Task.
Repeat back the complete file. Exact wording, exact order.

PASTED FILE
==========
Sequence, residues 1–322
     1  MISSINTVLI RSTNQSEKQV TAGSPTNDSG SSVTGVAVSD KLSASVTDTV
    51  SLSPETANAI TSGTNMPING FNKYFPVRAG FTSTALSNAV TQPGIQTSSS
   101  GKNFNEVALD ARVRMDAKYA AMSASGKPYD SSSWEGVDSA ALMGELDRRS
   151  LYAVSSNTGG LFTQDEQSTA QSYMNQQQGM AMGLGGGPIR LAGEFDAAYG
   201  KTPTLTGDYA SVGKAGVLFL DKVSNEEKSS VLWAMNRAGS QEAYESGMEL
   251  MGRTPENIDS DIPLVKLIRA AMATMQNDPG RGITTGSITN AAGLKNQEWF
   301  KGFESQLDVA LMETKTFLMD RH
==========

Sequence, residues 1–322
     1  MISSINTVLI RSTNQSEKQV TAGSPTNDSG SSVTGVAVSD KLSASVTDTV
    51  SLSPETANAI TSGTNMPING FNKYFPVRAG FTSTALSNAV TQPGIQTSSS
   101  GKNFNEVALD ARVRMDAKYA AMSASGKPYD SSSWEGVDSA ALMGELDRRS
   151  LYAVSSNTGG LFTQDEQSTA QSYMNQQQGM AMGLGGGPIR LAGEFDAAYG
   201  KTPTLTGDYA SVGKAGVLFL DKVSNEEKSS VLWAMNRAGS QEAYESGMEL
   251  MGRTPENIDS DIPLVKLIRA AMATMQNDPG RGITTGSITN AAGLKNQEWF
   301  KGFESQLDVA LMETKTFLMD RH